8. #18
    noseoil's Avatar
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    Sharpness & Contrast

    Joe, keep taking notes! It won't help immediately, but sooner or later (hopefully sooner for you) the trends will be there to see. Hard to keep evaluating, but just do it. Expose, develop, print, evaluate with notes, a beer or whatever and keep shooting.

    Sharpness: best is a good tripod, no wind or fast shutter and fast film.

    Contrast: Too much and you have burnt out highlights and or dead shadows. Too little and whites are gray, blacks are dark gray and an overall "muddy" look results.

    1: Sharp slow shot with nearly too much contrast. Efke 25 (35mm), PMK developer, tripod and slow shutter, harsh lighting from the sun and full development.
    2: Slower shutter, less light & contrast, shallow depth of field due to slower shutter and larger aperture. Efke 25 (120) and PMK.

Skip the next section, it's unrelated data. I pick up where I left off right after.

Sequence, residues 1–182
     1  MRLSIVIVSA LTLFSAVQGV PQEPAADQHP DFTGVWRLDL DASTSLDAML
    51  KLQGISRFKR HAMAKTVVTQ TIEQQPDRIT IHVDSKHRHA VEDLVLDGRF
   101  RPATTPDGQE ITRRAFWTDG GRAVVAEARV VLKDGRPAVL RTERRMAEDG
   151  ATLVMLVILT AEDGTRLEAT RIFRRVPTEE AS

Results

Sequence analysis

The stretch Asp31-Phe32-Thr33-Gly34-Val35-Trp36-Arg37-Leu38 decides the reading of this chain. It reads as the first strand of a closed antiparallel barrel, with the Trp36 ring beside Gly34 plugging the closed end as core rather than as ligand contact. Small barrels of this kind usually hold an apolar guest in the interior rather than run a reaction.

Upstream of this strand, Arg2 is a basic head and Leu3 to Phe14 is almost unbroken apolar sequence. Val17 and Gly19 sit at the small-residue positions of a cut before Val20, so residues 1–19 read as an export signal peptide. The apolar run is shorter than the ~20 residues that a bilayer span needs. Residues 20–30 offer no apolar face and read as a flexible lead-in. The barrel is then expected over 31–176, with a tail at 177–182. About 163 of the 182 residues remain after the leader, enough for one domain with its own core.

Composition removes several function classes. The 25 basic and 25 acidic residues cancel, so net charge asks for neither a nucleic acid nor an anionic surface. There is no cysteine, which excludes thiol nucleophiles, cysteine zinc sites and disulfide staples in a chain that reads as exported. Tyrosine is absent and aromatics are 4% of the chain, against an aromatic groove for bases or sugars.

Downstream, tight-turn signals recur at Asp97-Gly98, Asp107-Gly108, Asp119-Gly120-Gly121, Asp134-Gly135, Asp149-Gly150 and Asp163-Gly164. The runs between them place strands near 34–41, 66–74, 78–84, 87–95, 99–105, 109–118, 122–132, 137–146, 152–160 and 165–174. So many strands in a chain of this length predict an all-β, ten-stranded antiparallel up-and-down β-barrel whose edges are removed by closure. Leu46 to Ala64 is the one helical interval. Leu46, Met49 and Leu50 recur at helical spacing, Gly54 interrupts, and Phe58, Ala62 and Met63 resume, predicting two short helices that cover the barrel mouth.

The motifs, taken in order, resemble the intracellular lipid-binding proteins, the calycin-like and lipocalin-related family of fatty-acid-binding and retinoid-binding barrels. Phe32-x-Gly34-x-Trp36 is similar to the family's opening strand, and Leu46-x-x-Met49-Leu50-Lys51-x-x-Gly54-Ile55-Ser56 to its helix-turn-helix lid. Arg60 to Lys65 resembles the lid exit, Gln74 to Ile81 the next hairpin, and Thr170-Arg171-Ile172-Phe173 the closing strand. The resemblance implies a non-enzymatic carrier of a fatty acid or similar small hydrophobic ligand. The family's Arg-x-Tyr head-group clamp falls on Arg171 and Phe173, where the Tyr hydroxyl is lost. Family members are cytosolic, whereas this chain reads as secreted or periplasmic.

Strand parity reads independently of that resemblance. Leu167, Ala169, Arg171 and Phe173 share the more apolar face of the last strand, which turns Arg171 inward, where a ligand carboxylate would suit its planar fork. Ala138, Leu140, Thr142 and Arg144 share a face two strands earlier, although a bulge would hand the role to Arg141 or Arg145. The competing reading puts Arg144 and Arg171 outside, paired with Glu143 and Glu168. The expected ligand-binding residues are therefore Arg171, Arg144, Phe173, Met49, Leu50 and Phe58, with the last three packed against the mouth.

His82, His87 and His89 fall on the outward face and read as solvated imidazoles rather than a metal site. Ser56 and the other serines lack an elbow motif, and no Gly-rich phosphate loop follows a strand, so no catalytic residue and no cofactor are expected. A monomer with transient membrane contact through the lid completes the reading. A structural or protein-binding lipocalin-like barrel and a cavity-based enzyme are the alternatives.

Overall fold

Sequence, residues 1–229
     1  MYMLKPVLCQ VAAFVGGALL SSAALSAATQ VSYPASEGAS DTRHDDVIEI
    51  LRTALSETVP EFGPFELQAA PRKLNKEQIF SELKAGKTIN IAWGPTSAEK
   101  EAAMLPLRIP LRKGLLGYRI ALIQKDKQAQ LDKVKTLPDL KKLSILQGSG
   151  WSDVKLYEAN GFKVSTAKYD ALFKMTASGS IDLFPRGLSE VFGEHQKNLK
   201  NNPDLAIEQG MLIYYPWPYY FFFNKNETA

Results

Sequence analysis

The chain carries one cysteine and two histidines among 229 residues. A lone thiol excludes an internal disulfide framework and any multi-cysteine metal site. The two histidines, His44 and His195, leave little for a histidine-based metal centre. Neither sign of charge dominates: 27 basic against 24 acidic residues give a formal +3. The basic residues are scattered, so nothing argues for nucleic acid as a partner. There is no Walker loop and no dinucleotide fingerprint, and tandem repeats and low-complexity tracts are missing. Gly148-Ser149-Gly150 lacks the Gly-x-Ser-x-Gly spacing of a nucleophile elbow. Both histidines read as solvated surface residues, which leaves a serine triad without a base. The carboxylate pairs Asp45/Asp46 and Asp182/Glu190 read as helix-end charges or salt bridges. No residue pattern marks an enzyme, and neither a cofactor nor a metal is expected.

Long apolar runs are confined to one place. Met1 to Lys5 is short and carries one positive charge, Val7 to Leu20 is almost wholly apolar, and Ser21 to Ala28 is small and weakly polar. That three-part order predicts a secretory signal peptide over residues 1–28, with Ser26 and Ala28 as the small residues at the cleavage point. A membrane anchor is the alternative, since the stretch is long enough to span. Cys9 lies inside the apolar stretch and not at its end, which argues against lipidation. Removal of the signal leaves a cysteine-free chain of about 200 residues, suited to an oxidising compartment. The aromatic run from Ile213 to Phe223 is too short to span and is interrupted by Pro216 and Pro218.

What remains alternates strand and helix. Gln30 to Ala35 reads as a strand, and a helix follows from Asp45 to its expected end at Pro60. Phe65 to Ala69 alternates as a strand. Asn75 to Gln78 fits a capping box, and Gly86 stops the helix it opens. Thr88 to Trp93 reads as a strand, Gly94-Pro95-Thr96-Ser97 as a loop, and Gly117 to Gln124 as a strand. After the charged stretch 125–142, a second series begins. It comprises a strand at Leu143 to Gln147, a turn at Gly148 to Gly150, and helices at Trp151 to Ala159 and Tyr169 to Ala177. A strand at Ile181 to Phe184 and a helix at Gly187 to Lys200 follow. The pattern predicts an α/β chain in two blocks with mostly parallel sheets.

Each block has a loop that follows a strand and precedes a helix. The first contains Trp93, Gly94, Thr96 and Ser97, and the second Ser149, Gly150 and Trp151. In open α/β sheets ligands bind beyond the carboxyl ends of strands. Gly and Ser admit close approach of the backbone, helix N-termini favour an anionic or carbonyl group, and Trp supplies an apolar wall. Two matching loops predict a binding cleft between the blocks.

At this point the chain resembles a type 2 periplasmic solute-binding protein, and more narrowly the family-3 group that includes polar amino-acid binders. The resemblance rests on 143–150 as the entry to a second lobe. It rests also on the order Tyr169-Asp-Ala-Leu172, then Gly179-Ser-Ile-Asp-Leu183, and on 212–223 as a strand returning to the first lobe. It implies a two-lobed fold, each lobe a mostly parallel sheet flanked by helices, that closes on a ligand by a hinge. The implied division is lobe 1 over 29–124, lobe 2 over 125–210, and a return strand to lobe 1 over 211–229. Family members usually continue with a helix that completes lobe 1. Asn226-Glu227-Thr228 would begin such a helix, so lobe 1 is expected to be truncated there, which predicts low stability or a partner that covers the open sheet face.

Keep shooting, tim

  9. #19
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    I would cut off what you shot and develop it in split d-23. It is a development process similar to that which was used in old movie camera days where exposure was all over the place and they wanted the movie to be the same brightness over all. With split d-23, the film goes in bath A for 3 minutes and bath b for 3 minutes. - Bath A chemicals are activated by bath b chemicals. When the bath A chemicals (that soaked into the emulsion while the film was in bath a) are exhaused in the bath b, they stop devloping and the areas where there is very little exposure keep on developing the whole time. It is a technique that evolved for exactly what you did and I have used it many times when working with old cameras and had to guess at exposures.
    My photos are always without all that distracting color ...